According to an article on Variety, a recent study performed by researchers at the USC Annenberg School for Communication and Journalism came to the conclusion that white men hold a dominant lead over both women and ethnically diverse writers in the world of film review and criticism.
Final numbers from the study show that a whopping 82% of film reviews from the top 100 grossing films of 2017 were written by white authors, leaving only 18% of ethnically diverse authors at the helm for other reviews and critics. With 39% of the population (according to U.S. consensus) being racially diverse, it is clear that there is a nonequivalent number of reviewers as compared to the diversity within our population.
In the case of female versus male writers, women only hold just above 20% coverage of reviews to men’s 78%. In other words, the ratio between men and women reviews is 3.5 to 1.
What is even more surprising pertaining to the gender inequality is the lack of reviews by women for movies specifically written to empower female protagonists. Only 30% of the 36 reviews written for films featuring female-driven plot lines were written by women in 2017. Much in the same light, of the 24 of the top-grossing films representing racially diverse characters, only 20% of the total reviews were written by people of color.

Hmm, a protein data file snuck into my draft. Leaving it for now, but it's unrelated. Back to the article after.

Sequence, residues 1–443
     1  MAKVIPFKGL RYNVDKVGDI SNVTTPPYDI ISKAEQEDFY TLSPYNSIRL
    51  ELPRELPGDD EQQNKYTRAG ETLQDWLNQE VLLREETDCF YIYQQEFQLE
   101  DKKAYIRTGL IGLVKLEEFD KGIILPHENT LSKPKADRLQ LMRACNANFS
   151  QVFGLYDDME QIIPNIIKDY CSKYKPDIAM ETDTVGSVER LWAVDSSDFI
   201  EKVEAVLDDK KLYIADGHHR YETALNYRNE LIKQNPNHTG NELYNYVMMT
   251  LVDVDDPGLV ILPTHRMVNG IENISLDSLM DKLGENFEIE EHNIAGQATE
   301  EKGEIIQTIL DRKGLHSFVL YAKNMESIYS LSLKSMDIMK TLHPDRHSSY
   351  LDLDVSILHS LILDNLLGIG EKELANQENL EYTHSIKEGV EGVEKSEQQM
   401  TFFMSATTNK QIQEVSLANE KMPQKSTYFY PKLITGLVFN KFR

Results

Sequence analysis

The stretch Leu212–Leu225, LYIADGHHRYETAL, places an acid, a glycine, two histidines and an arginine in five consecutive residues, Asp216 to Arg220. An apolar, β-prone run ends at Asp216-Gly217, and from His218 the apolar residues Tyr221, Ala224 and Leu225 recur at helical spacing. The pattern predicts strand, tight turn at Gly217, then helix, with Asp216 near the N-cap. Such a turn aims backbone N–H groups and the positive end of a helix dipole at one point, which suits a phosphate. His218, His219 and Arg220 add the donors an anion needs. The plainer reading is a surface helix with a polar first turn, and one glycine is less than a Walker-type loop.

These percentages may feel misleading since so many of the biggest reviewer names are those of female writers. Names like Manohla Dargis of the New York Times, Dana Stevens of Slate, or Alison Wilmore of Buzzfeed News are some that come to mind. Even with these women dominating their areas of expertise, the USC Annenberg research shows just how glaring the gap is.
This is not the first study done by USC Annenberg about inequality within the entertainment industry. They have done studies on the under-representation of both women and minorities in major motion pictures, Grammy nominations, and in top-rated television shows.
Many are advocating for a change in these fields. Specifically, Dr. Stacey Smith (founder and director of the Annenberg Inclusion Initiative) believes that ranks need to change within the world of film critique and review. She stated the following about the matter:
“The very individuals who are attuned to the under and misrepresentation of females on screen and behind the camera are often left out of the conversation and critiques. The publicity, marketing, and distribution teams in moviemaking have an opportunity to change this quickly by increasing the access and opportunities given to women of color as film reviewers.”
Data for this study was collected from the top 100 films as seen on Rotten Tomatoes.